The other thing that will typically bother him now, will be issues around fairness; feeling that he has missed out on something. There was an incident recently, where he, because he has a lot of difficulty planning and organising, he missed out on a gold sticker at school for behaviour because he failed to take his homework diary into school at the right time, and really that is because he can’t plan very well over a week, there is not a chance. He is only nine and he couldn’t do that. He took it in a day too early and then didn’t take it on the right day and so he didn’t get the sticker and he was absolutely bereft, really, really upset because he felt, I think, so excluded, it was just something that he could not possibly attain and he was so aware of the differences between himself and other children I think and it is that kind of where he feels it was an unfairness he will get very, very upset and if he is a bit tired and maybe a bit, you know, he has had a lot of homework or something, sometimes that kind of thing will really touch off a tantrum very quickly.
 

Nuala's son does not make friendships easily.

Text only
Read below

Nuala's son does not make friendships easily.

HIDE TEXT
PRINT TRANSCRIPT
Does he have any friends?
 
Yes, some. Yes, if you ask him at the moment, he would probably list off about ten names [laugh] but at other times he will have no friends at all [laughs]. It is a bit of a moot point. He doesn’t, he doesn’t make friendships very easily and they can sometimes just suddenly disintegrate for quite small reasons so they are a bit fragile. But we work quite hard with him on having people home and how you play with friends and how you talk to them or let them talk to you, which is a really big stumbling block. And how you play games that maybe they want to play is another big stumbling block. So we are working on it and I think maybe one or two of those people are kind of friends that a nine year old would have.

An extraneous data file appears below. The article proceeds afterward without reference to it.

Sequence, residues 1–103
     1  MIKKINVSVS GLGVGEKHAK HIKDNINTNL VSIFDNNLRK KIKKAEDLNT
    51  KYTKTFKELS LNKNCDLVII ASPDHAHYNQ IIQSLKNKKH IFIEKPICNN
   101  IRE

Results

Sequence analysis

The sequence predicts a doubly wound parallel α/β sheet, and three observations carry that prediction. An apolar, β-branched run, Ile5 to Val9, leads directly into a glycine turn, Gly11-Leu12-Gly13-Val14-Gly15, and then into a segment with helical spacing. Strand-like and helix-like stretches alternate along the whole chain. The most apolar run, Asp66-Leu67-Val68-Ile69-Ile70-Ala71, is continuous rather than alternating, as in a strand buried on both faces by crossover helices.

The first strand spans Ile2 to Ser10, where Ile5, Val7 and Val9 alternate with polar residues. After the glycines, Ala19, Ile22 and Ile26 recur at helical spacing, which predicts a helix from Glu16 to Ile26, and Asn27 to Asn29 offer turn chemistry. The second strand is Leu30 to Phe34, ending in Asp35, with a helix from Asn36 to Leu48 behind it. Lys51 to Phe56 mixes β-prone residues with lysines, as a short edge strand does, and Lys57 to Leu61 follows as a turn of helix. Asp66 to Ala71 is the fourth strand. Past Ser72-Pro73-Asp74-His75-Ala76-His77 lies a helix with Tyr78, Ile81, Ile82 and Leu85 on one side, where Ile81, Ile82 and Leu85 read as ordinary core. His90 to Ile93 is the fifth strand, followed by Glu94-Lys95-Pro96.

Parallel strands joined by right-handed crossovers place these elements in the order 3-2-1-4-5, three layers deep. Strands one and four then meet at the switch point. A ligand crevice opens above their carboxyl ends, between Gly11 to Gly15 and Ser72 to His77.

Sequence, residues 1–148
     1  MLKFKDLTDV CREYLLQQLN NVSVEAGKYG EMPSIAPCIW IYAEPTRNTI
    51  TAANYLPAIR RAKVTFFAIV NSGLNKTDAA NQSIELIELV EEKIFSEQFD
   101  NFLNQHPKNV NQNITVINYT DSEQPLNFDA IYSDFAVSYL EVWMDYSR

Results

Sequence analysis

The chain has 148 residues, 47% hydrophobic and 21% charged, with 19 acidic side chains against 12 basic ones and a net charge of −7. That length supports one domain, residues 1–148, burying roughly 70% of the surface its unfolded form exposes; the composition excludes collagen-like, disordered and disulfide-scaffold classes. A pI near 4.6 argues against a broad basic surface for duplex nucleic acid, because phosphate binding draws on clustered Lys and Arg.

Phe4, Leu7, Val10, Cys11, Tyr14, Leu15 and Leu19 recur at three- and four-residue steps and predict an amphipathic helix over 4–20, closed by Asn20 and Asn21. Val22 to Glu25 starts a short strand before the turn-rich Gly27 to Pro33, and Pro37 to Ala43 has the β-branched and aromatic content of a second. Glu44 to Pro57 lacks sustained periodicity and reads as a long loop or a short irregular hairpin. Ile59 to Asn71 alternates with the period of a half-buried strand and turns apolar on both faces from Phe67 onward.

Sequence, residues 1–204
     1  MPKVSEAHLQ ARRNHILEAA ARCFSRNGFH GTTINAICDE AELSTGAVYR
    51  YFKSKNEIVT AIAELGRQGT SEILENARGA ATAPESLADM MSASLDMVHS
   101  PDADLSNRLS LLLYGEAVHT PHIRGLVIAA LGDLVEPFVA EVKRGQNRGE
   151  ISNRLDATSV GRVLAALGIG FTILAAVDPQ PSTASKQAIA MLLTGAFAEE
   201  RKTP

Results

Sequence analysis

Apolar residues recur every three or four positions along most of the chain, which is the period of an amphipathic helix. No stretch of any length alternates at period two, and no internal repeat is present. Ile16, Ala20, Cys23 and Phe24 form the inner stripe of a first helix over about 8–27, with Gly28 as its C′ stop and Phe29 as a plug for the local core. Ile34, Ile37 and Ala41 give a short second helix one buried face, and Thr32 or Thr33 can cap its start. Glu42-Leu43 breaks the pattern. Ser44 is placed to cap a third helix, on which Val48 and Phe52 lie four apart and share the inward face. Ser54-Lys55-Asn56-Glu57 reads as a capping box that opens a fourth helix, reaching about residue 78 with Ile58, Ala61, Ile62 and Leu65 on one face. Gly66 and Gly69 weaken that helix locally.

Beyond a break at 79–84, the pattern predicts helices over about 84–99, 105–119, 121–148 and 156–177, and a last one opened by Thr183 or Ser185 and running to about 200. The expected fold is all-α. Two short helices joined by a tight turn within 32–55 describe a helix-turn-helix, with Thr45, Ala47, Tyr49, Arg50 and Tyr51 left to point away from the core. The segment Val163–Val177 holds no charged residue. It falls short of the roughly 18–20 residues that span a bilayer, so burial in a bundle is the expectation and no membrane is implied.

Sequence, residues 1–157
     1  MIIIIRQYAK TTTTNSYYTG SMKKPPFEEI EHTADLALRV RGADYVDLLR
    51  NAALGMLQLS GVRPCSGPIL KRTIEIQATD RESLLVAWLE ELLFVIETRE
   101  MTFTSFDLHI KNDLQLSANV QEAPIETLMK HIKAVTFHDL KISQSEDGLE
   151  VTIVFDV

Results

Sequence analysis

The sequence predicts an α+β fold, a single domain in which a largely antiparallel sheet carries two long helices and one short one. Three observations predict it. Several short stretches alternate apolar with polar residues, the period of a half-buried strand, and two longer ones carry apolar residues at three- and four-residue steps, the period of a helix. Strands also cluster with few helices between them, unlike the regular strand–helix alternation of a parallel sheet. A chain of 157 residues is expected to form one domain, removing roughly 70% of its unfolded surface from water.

Nuala describes how they have elaborate plans for everything and “simply don’t change the plan”.

Nuala describes how they have elaborate plans for everything and “simply don’t change the plan”.

SHOW TEXT VERSION
PRINT TRANSCRIPT
It does mean that you can’t, you have to think ahead very hard if you want to do something. The other thing that will set tantrums off which I forgot, is the changes, sudden changes of routine. I had forgotten because we just don’t do it. We have very elaborate plans for everything and we have a big wall chart saying what is going to happen in the week and we simply don’t change the plan.
 
When he was younger and we suddenly decided that we would like to do something, and go out for the day that is when a tantrum would happen, because we would change the plan and he was very upset. So… really we don’t, we don’t change the plan, I mean it is that simple. We just don’t. It doesn’t matter if somebody in the house suddenly wants to do something. We have to stick to what was agreed, and if there is something, you know we have to go out or something or there is something he doesn’t like, like a babysitter coming, which is a big negative, he does need a lot of preparation and now with a lot of preparation and support he can get through a bad experience. 
 
When he was younger, he couldn’t but now he can, actually get ready but you can’t spring it on him, you can’t say, “Well tonight mummy and daddy are going to leave you with a babysitter.” That won’t work, that would definitely be a bad thing. So a lot of it is avoidance and preparation and then just a judicial amount of avoiding and helping and distracting at the right moments.
 

Nuala describes the circus and theatre as an “absolute hate” for her son.

Nuala describes the circus and theatre as an “absolute hate” for her son.

SHOW TEXT VERSION
PRINT TRANSCRIPT

What sort of things doesn’t he like doing?